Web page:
About a Girl and her Horse(s)

I could say I love horses, but that would be grossly inaccurate.

Saying I love horses is like saying, the ocean is damp. A gargantuan understatement.

I can remember riding the first pony I was able to call my own. Squirt was brown and stubborn. I was maybe five. Years later, a friend of ours was looking for a place to board her horse and since I was older, she felt he would be a good fit for me. He was a buckskin named Sir Twirp – and he was a Twirp, with a choppy gait, but he was fun. But he wasn’t mine. Neither was Pip, his stable mate and a lovely, kind and generous mount. He was perfect for me to learn how to show in the ring. He knew more than I did. But, sigh, he wasn’t mine.

Willow was mine.

He was a retired Thoroughbred whose coat glowed red when he was spiffed up. Looking at him was like looking at the sun. Sitting on him was like being on top of the world. I looked down at everyone else. I’m sure he’s the reason I’m drawn to tall horses. He was beautiful and strong and faster than a tween had any business riding. He probably could have killed me and almost succeeded when we were at a fair and he caught an eyeful of the gravel track that surrounded the fair grounds. He took off so fast, and so hard, that he could have given me whiplash. If it wasn’t for the quick thinking of a horse-savvy bystander, I may have grown up in Texas. He pulled his head down and kept him from leaving the fair grounds.

But Willow had health issues and needed more care than we were able to provide. It was decided to sell him, and also decided not to tell me – likely in hopes of avoiding the fit I would have pitched. Finally one day a truck and trailer arrived with some people I vaguely knew. I was sent to my room where I had the mother of all break downs. I could see the paddock from my bedroom window. I could see the new owner reach across and snap her lead on Willow’s halter. I remember yelling and crying so hard that I pressed my head into the window for counter pressure and ended up with a lovely crease in my forehead.

And anyone who knows me knows this; I. Don’t. Cry. Like I watched Old Yeller and didn’t cry. Like I can watch The Notebook and not cry. But put on The Horse Whisperer, and I have to have a moment. I don’t even know if I can buy a copy of War Horse because the scene in No Man’s Land is the only time I’ve ever cried in a theatre.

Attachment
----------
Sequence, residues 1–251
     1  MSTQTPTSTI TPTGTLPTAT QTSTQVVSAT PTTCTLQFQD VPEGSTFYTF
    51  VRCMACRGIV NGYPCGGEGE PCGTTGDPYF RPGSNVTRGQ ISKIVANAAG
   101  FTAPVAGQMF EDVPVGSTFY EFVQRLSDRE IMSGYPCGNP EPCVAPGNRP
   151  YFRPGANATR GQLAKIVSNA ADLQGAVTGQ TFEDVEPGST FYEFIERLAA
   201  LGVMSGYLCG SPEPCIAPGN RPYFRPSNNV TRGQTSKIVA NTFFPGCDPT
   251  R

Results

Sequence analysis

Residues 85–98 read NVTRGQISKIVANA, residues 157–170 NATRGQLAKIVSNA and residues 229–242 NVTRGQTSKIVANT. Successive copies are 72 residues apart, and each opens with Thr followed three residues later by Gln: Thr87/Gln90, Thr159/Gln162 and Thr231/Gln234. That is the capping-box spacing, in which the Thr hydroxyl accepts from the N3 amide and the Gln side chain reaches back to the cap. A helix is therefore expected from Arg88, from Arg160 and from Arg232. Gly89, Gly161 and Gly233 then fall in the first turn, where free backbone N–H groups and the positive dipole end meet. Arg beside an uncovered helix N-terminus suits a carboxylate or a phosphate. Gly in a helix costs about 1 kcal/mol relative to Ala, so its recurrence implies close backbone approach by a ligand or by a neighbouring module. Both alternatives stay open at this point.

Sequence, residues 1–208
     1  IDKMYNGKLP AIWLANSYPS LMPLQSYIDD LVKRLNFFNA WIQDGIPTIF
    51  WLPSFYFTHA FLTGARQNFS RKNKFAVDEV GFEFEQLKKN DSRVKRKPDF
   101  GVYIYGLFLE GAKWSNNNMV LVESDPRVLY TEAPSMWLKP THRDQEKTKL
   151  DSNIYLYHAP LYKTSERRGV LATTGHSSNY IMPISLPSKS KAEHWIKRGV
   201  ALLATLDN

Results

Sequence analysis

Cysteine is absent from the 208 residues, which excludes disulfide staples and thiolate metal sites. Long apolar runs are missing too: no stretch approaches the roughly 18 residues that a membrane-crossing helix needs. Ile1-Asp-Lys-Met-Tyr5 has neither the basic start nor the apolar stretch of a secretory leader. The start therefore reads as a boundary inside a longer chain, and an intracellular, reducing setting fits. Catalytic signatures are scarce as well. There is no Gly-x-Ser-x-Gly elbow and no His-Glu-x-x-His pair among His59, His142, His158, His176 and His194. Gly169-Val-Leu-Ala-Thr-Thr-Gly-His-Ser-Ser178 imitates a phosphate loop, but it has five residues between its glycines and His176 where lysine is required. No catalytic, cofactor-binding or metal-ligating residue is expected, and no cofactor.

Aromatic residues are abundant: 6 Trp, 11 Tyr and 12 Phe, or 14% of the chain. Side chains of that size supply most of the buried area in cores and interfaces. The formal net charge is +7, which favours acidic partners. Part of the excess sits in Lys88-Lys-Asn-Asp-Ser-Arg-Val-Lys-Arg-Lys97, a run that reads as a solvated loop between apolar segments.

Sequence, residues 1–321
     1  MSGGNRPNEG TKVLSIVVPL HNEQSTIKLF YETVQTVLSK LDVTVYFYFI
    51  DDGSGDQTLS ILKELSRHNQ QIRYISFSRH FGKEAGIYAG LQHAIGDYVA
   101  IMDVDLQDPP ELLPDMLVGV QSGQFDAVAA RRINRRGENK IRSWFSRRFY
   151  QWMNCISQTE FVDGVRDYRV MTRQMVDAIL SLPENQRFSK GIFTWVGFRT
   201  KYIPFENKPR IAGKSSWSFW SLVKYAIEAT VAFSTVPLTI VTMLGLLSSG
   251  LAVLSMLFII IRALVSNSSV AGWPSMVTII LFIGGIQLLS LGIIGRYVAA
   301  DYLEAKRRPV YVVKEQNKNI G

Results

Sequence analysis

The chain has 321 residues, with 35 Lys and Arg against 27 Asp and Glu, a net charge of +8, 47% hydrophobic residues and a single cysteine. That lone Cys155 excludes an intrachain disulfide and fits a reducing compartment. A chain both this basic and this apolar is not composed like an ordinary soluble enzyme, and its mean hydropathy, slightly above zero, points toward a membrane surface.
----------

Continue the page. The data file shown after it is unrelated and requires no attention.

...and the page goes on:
It took a while to get over Willow, but when I was older, and my parents felt I was more capable of caring for a horse, we tried again. We bought an Appaloosa filly and named her Darlin. She’s the one who planted me in a stone pile, but she was the sweetest thing otherwise. I worked with her for months to make her gentle; got her used to be handled and help put weight on her before it was time to get her under the saddle. I learned a lot about relating to horses, which I feel helped me later on when it came to relating to people. It helped me realize I like horses more.

When we left the farm, Darlin was sold, but I kept my tack. It would have been easy enough to sell it at our auction, but the idea of cutting all aspects of horse from my life was too much to bear. One day, I told myself, I’ll have a horse again.

Since then I’ve been blessed with very generous friends. They have invited me to go for rides (Thank you KW!) and even allowed me to roll around in their pasture fields to enjoy quality time with their equine (Thank you SH!) and I look forward to even more new babies with an upcoming session, (Hopefully next week SS?) Being around horses fills a piece of my soul. I actually have a physical reaction; tightening of the chest, faster pulse, a sense of contentment that is difficult to describe. I’m home. I watch old friends show horses in the local fall fair. I get the same overwhelming desire to grab a saddle and bridle and find the nearest bareback. It’s the smell of leather, of horse.

My boys know how much I love horses. Second Born Son, on one of our recent road trips, asked me as he admired a field of mommas and their babies; “Why don’t you just go out and buy a horse, Mom?”

I explained to him that owning a horse isn’t like buying a new toy or a lawn mower. Even buying a dog is less of a commitment. A horse relies on you every day. If you don’t feel like walking the dog, he’ll wait until later, but a horse needs you regardless of how you feel. There are no holidays. That aspect of my life is already tapped out. I want to be a great mom and wife, daughter, sister, friend and employee. There’s not much left of me after all of that.

Then there is the matter of cost. While I certainly don’t want my children to feel I am “doing without” because of them, the fact is there are priorities in my life and a luxury like making good on a childhood promise isn’t up there right now. It’s not say that it never will be.

I’m just more focused on their childhood memories.

Until then, I’ll rely on the kindness of friends for my horsey fix!

The “Easy” Way Out?

Today is Samson’s birthday.

In a couple of weeks, it will be a year since we put him down.  This random combination of thoughts came to me last week when a certain new item caught my eye.

Gloria Taylor is a British Columbian woman who lives with ALS (Lou Gehrig’s Disease). She was the face of five plaintiffs who went to the Supreme Court to strike down the ban on assisted suicide in that province. The grounds were that the ban discriminated against the disabled because, get this, they cannot commit suicide on their own.